Visual representation is a big deal in public health. How we show what we know shapes how public health is known.
Geoffrey Rose wrote an article about the difference between causes of cases and causes of incidence that is de rigeur in public health.
Rose’s article is often—and justifiably—remembered for its appeal to population-based preventive interventions. But the lessons of Rose’s insights go further, even if he didn’t take them there himself.
The article gets straight to the point, identifying the common normative error in public health: “What is common is all right, we presume.” If everyone in a population is exposed to high levels of lead, then the entire population will have high rates of violence and poor school outcomes, and it will seem as if these scourges are just normal life.
Rose doesn’t emphasize it, but of course even worse interpretations are possible. Many people have succumbed to the temptation to assume that these scourges are somehow inherent in the population itself. As if perhaps high crime rates among African-Americans are an innate feature of personality, rather than a bug that has infected it from the outside.
Rose’s insight that what is common is all right, we presume, could be modified to suggest that what is common within a sub-population is natural for that sub-population, we presume.
The brilliance of this article is in the distinction it draws between the causes of cases and the causes of incidence. “I find it increasingly useful to distinguish two kinds of ætiological question. The first seeks the causes of cases, and the second seeks the causes of incidence.” Although Rose does not do so, the causes of incidence could be called forcing factors. Echoing the literature in climate change, forcing factors are factors external to the individual that cause the population average to shift.
Forcing factors have also been called “risk regulators” by Thomas Glass and Matthew McAtee and “fundamental causes” that place people “at risk for risks”, by Bruce Link and Jo Phelan. Those are both perfectly good monikers, but I like the term “forcing factor” because nature knows only forces, not causes. Causes are a human construct.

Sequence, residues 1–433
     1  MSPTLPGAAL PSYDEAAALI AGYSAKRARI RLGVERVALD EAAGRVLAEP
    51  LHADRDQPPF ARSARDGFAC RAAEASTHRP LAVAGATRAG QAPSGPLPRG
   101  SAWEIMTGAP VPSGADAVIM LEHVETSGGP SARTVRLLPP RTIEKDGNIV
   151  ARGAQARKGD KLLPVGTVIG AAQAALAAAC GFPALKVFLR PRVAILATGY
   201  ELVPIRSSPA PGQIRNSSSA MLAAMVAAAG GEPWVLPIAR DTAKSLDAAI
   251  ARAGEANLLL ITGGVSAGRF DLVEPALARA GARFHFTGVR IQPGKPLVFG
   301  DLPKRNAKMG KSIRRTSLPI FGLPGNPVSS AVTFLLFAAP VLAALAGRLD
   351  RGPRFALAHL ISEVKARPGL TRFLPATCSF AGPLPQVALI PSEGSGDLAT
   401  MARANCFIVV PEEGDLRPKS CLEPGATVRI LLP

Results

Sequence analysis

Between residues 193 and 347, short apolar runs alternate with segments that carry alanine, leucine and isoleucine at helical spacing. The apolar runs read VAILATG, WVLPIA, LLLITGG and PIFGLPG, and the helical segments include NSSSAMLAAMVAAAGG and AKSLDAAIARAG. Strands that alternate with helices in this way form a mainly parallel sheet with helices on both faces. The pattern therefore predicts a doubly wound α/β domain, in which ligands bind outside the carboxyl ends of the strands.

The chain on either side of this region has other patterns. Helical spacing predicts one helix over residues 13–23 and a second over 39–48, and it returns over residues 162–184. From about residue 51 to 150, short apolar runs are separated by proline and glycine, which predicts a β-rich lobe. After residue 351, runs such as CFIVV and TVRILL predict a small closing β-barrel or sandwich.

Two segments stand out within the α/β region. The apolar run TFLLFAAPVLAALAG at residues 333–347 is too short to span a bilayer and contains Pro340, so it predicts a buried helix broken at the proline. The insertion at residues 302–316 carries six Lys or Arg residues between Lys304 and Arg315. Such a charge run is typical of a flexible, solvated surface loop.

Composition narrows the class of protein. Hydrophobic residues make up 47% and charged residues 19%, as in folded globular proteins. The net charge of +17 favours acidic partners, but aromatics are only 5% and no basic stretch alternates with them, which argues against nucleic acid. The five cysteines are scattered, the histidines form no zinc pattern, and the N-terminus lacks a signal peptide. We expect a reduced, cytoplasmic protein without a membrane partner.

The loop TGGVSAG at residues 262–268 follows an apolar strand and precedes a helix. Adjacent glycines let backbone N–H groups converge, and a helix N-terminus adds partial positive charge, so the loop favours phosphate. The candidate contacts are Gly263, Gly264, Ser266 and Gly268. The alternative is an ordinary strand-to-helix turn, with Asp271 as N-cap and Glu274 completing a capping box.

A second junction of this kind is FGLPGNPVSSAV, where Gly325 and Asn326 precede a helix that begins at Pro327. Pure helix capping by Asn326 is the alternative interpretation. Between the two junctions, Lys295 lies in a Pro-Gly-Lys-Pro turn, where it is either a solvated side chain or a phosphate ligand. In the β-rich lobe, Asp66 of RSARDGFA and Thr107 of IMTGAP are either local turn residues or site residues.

The visual representation of population health
Rose gives a graphical example of the distribution of systolic blood pressure among Kenyan nomads and among London civil servants. Both populations have a bell-shaped distribution, with a similar within-population variance. But the mean for the Kenyans is approximately one standard deviation lower than the mean for the Londoners.
The metric of standard deviations is not intuitive—very few policy-makers or even academics have a really good grasp of how meaningful it is for one distribution to be a standard-deviation higher or lower than another distribution. Rose’s graph visually displays the high stakes: about one-third of Kenyans have blood pressure lower than what would be expected if the distribution had been that of the Londoners. Yet this verbal definition isn’t very statistically precise, since the whole point is that the blood pressure of every Kenyan is below that of every Londoner at the same percentile in their relevant distributions. And this verbal difficulty is an enormous problem for population health. There is simply no succinct way to express differences between populations in words. We tend to fall back on averages, but we slide quickly from averages to typical experience to a debate over individuals. “The average blood pressure among Kenyans is lower than the average blood pressure among Londoners” easily becomes “The typical Kenyan has lower blood pressure than the typical Londoner”, which invites a comparison between individuals, which is beside the point.
Advancing a population-health perspective may require insisting on images of distributions.